HomeCommunityCare about our reef? #LessIsMore survey now available

Care about our reef? #LessIsMore survey now available

reef survey
REEF SURVEY: Bundaberg Bowls Club members Marcia Nicol, John Clough and Burnett LMAC chair Sue SargentSue Sargent with the #LessIsMore straws.

A local campaign to reduce the impact of single-use plastic on the Great Barrier Reef is asking for community help via an online survey.

In 2019, the Burnett Local Marine Advisory Committee (LMAC) started their #LessIsMore for the Great Barrier Reef Campaign.

It has also drawn support from Bundaberg Regional Council and Bundaberg Fruit and Vegetable Growers, with 100,000 special paper #LessIsMore straws made available to businesses and schools in the region.

Burnett LMAC chair Sue Sargent said the project was funded by a partnership between the Australian Government’s Reef Trust and the Great Barrier Reef Foundation to initiate positive behaviour change for the Great Barrier Reef within the local community.

“Over the last 12 months the #LessIsMore for the Great Barrier Reef campaign has aimed to reduce the use of plastic straws by offering a paper for plastic straw swap for schools and local businesses,” Sue said.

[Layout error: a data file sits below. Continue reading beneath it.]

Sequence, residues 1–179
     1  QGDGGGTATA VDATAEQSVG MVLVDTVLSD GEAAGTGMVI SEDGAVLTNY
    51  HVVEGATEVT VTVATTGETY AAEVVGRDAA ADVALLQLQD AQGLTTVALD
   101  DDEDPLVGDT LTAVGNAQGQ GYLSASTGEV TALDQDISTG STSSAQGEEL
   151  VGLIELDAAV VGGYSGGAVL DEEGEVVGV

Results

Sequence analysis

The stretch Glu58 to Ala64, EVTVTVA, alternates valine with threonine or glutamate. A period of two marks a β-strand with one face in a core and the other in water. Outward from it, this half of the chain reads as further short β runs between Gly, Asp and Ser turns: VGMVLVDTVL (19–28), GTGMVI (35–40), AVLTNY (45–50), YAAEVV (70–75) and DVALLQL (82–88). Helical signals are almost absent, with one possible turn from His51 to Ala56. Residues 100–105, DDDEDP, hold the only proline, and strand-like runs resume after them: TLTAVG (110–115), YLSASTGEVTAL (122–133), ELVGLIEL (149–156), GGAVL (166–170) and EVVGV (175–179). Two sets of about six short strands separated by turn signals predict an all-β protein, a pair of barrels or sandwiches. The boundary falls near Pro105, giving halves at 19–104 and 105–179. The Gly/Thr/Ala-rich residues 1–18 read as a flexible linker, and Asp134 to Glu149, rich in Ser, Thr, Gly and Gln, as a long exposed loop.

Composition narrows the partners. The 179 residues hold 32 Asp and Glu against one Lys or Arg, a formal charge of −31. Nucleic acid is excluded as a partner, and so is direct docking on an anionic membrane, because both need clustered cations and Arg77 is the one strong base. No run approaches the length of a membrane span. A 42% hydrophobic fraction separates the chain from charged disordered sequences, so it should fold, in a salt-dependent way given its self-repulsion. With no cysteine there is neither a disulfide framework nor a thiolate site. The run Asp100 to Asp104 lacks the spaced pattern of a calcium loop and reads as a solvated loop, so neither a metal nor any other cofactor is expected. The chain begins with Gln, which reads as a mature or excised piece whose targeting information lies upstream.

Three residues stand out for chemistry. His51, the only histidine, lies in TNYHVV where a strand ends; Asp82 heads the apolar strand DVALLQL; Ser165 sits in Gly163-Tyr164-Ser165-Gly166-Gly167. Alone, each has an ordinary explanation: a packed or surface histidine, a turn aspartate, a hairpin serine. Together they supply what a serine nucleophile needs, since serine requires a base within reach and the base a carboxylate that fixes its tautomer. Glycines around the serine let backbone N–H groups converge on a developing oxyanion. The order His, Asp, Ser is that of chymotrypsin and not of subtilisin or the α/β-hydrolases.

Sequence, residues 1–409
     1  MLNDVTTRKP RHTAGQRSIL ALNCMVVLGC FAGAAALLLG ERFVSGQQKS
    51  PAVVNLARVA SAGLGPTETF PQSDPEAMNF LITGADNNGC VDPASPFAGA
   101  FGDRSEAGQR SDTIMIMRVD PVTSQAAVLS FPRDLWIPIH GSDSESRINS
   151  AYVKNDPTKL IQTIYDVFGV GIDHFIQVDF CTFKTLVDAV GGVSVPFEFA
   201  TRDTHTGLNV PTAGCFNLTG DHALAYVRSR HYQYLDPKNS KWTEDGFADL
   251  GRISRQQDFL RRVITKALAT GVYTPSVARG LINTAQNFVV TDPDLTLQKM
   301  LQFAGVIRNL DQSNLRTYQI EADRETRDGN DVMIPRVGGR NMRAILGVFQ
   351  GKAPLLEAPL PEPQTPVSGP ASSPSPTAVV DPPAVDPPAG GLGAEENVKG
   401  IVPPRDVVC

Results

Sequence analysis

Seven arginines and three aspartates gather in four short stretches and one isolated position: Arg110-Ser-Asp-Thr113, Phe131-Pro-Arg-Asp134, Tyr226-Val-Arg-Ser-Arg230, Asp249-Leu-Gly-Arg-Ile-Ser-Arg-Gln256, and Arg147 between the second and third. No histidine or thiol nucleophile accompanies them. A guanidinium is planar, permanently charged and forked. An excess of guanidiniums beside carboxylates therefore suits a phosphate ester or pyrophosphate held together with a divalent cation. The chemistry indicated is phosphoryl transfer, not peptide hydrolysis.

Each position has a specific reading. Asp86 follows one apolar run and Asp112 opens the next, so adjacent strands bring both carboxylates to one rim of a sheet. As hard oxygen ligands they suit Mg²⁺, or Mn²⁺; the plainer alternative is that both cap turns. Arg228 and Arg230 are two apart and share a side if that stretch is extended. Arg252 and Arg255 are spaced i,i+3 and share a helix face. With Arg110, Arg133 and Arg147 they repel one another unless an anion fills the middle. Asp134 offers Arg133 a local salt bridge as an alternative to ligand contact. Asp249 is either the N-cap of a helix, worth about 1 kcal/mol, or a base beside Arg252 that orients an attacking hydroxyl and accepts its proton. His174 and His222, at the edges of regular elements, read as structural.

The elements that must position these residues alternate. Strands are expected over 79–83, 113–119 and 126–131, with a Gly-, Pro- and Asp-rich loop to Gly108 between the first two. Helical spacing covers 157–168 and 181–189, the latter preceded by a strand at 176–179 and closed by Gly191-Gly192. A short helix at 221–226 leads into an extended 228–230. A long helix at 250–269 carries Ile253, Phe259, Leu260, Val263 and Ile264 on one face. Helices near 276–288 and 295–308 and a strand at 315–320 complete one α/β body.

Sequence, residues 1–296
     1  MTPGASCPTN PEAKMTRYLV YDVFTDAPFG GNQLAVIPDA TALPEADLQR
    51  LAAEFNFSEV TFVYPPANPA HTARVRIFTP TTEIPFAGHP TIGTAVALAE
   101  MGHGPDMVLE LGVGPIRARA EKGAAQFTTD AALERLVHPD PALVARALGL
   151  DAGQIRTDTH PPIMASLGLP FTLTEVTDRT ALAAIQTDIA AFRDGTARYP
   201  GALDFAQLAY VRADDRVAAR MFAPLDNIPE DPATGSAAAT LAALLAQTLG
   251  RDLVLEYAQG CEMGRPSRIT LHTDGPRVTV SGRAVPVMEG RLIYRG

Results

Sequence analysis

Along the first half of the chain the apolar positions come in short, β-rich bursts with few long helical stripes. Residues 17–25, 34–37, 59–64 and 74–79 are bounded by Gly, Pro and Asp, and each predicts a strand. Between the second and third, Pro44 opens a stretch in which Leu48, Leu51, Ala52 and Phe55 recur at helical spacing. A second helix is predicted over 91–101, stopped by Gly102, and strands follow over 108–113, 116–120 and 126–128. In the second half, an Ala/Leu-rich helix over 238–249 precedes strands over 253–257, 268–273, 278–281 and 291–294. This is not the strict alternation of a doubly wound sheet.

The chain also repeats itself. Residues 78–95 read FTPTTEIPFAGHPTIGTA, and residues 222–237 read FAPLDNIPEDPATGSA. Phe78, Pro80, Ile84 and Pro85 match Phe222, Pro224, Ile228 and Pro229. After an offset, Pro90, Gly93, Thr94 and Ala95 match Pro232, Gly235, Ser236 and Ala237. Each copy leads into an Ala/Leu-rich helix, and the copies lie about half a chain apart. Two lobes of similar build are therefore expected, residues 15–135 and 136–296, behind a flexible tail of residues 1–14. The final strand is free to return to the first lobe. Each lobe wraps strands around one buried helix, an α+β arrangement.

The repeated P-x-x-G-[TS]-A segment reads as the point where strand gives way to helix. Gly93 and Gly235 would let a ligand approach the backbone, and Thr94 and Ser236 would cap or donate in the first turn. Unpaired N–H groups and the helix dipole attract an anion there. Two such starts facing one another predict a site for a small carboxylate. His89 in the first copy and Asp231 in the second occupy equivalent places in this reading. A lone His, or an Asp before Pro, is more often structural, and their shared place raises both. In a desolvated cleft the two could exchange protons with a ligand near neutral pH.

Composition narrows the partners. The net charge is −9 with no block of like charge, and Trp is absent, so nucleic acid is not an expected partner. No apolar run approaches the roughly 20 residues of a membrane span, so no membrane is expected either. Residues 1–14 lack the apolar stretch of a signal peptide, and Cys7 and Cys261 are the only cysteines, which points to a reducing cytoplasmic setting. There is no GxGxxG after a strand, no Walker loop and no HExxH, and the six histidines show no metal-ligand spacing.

“It also reduced the use of single-use plastic by offering free beeswax wraps workshops in local schools with over 400 participants.

reef survey
Sue Sargent, Toni Sergiacomi, Sarah Althaus, Kasey Whitney, James Stratham and James Nelson at Bargara State School making beeswax wraps.

“Lastly, we have been encouraging smokers to use a bin for their cigarette butts (which have a plastic filter) rather than discarding them on the ground.”

Now, with the campaign coming to a close, Sue said the community was being asked to participate in an online survey about what protecting the Great Barrier Reef means to them.

She said the survey would help organisations to implement further #LessIsMore activities, like the straw swap, to help the region's environment thrive into the future.

“This survey is designed to discover the attitudes and everyday practices by members of the Bundaberg community towards the environment and sustainability,” she said.

“The survey is completely anonymous, and we appreciate your honesty.”

To participate in the reef survey click here.